The closing of two long-standing businesses in Wyckoff — See U Saturday and StrideRite — has sent shock waves through the small business community.
Both stores were located in Boulder Run and many here had speculated neither would be able to compete against Marshalls, a discount merchandise retail chain that moved into the Franklin Avenue complex in 2011.
“Big name retailers are hurting small businesses,” said Carissa Mulloy, co-owner of Close Knit. “It’s just so sad.”
“You can’t stop people from doing business in town but when it hurts a smaller operation, it might be good for other businesses to help them out,” said Blue Moon restaurant owner Howie Felixbrod, who is also second vice president of the Wyckoff Chamber of Commerce. “These people need somewhere to go for help.”
Still, others believe Stride Rite moved into the Boulder Run shopping center too soon after it was expanded.
“When they moved in, they had tremendous monthly expenses, zero occupancy and no traffic flow,” said Emilio Vitolo, owner of Waldwick Prime Meats. “They were the first ones in and they took a beating before Boulder Run started to thrive.”
Many local merchants say they rely on a few tactics that make them successful in Wyckoff.
One is to create a community of shoppers and allies. The owners of Close Knit say their fiercest competitor is not the Michaels, the nation arts and crafts chain craft store in Paramus. It’s not even online yarn sellers. Rather, it’s another specialty yarn store in Westwood.
And Mulloy cheers that store on as well since it’s good for business.
“We understand it’s not just about the yarn,” explained Mulloy. “We consider ourselves a community.”
For instance Close Knit runs charity knitting projects, knitting classes, and offers one-on-one help to customers having problems with knitting designs or stitches.
Another tactic to survive the floundering economy is to be extremely niche.
“There has to be a reason people go to you,” said Vitolo who brings both traditional butchering and tremendous cooking knowledge to town. “You have to stand out somehow.”
Devon Fine Jewelry owner Nancy Schuring believes excellent service is a large part of the store’s success, along with being in tune with customer wants and needs, especially when in such close proximity to Manhattan.
“Customers are always looking for something new and interesting,” said Schuring. “We have carved our own pathway in the jewelry market. Trying to be different from large retailers is key.”
Felixbrod believes Blue Moon Mexican Cafe provides the town with a niche of an upbeat, casual place to hang out. He also hopes other businesses consider the Chamber an inviting resource.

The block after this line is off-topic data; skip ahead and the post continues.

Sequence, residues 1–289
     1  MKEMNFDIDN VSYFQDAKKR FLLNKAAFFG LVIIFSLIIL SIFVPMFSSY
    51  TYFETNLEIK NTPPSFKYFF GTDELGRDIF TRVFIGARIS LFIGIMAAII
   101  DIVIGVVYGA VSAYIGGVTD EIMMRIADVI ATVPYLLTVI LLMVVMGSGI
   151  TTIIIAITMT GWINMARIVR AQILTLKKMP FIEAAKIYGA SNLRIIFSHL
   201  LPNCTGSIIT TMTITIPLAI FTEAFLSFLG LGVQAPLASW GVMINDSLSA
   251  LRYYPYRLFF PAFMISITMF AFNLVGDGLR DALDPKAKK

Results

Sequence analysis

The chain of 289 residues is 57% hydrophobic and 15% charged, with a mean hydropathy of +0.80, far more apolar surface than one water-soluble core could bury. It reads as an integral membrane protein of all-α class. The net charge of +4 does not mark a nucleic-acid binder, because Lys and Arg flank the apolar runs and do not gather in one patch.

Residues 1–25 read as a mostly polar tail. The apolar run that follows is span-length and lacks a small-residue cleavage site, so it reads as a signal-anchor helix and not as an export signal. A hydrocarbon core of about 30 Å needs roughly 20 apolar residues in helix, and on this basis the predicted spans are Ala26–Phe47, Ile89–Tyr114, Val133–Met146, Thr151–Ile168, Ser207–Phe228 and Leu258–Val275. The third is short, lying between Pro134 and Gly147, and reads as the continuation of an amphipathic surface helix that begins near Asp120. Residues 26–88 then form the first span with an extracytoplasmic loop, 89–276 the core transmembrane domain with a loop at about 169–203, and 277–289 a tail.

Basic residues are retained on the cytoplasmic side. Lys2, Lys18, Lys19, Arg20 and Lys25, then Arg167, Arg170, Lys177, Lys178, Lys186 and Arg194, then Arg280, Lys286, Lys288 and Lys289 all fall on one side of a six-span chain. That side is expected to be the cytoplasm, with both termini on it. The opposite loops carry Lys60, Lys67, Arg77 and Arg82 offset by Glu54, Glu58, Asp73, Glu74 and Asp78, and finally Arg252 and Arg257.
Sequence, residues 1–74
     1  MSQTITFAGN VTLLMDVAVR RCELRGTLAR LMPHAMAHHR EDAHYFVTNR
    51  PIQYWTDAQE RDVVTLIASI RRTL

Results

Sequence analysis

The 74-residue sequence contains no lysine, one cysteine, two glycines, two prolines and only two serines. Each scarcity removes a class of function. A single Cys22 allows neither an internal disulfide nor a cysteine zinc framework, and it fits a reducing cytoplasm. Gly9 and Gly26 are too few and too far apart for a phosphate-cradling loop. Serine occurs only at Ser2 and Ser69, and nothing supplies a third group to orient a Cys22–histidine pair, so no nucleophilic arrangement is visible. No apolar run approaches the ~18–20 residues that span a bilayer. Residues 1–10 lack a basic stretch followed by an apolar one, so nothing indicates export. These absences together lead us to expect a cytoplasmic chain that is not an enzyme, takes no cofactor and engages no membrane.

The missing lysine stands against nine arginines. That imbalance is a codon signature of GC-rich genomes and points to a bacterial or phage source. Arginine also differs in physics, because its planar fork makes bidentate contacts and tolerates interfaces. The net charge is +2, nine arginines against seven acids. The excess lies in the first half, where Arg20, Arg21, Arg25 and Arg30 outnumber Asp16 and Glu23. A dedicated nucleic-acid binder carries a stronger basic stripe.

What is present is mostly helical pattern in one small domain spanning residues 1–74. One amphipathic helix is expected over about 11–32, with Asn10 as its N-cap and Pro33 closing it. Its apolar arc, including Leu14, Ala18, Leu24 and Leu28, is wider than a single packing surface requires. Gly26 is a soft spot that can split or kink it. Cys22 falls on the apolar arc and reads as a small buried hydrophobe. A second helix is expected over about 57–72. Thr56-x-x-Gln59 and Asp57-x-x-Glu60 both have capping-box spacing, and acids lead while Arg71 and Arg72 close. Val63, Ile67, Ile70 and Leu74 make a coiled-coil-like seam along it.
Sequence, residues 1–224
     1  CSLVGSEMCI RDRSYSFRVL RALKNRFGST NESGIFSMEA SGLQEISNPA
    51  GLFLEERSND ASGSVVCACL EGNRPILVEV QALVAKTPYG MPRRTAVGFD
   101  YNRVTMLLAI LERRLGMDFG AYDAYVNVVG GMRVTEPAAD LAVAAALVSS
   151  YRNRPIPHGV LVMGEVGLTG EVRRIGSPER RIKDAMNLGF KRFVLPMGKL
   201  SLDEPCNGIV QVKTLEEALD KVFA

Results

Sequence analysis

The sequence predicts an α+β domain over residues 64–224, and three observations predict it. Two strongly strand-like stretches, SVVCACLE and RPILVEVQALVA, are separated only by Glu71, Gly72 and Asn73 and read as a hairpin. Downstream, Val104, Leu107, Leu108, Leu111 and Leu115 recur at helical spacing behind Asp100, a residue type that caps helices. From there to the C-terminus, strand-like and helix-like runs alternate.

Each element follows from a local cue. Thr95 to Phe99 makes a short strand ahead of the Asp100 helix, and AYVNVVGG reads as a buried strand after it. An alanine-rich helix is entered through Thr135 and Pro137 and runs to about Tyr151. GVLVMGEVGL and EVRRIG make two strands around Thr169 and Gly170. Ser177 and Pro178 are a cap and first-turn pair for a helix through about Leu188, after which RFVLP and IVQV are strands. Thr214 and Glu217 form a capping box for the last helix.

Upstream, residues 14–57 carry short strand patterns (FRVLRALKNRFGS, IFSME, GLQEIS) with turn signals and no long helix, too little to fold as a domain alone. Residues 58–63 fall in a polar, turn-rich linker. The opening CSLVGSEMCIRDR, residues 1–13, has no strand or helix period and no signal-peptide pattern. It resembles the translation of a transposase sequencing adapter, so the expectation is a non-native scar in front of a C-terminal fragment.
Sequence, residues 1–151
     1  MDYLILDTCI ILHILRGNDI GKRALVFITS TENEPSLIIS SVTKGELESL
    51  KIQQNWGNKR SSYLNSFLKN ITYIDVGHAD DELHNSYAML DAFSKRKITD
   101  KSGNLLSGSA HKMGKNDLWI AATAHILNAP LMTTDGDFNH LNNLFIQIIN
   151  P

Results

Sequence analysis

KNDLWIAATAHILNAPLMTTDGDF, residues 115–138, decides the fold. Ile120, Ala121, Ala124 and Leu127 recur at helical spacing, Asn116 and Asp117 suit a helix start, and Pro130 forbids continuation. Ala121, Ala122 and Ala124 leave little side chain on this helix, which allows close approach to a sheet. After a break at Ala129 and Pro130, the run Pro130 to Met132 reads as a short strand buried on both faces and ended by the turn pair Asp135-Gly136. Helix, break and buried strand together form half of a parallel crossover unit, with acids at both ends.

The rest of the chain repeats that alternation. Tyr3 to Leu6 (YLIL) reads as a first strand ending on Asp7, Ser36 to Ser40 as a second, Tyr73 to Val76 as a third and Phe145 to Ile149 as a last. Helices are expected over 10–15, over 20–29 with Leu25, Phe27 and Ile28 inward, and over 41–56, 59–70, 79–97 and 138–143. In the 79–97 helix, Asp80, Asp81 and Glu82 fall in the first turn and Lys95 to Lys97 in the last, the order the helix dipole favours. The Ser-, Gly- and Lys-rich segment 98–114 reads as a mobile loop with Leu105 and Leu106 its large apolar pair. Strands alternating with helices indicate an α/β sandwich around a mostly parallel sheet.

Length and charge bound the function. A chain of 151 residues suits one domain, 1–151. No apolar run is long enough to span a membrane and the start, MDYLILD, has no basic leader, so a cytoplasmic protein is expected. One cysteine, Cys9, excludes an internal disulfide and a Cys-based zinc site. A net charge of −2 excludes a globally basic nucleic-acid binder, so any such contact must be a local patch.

“We want the Chamber to be a place where small businesses can go for advice [and] advocacy if they are having an issue and if they need help,” he said.
All the businesses contacted by the Patch cited good times and bad times. If business has been slow, Schuring said not to do anything too drastic.
“Be conservative in business practices, especially in rocky times,” said Schuring. “If you are in trouble, seek help from charity or your accountant.”
Vitolo said an optimal business owner has to be well-rounded, not just talented at one craft.
“There are lots of pieces to the puzzle,” said Vitolo who majored in business administration in college. “If behind the scenes, this person is not a good manager, organizer, can’t talk to the customer base, handle stress, be financially responsible…be able to forecast what happens during the year with peaks and lows…they are not going to weather it.”
Mulloy said Close Knit also makes sure to have enough to pay suppliers to build up a good reputation in the business. The store has also been fortunate to specialize in an inexpensive pastime as well, which has helped the store survive the economic downturn.
The Chamber believes sticking together is also helpful. Every business that has opened in Wyckoff has had to undergo the same, complex routine.
“Plans for businesses have to go to the state first and then the town,” said Felixbrod. “If there are any changes it has to be resubmitted to the state and it takes the state two to three weeks to respond each time… If the process was clearer, it would be easier to work around.”
Felixbrod plans to speak about this process, which can take up to two years, at the next chamber meeting scheduled for February 28.
In the end, most believe success is all about focusing on the customer.
“Small businesses by nature are more responsive to customer needs,” said Schuring.
“We are crazy about service,” echoed Felixbrod.
“The service has to be above and beyond,” said Vitolo. “Your reputation is at stake every day you are open. You need to be extremely consistent and persistent.”
Have a question or news tip for Wyckoff-Franklin Lakes Patch? Contact editor Joseph M. Gerace at Joseph.Gerace@patch.com, or find us on Facebook and Twitter. For news straight to your inbox every morning, sign up for our daily newsletter.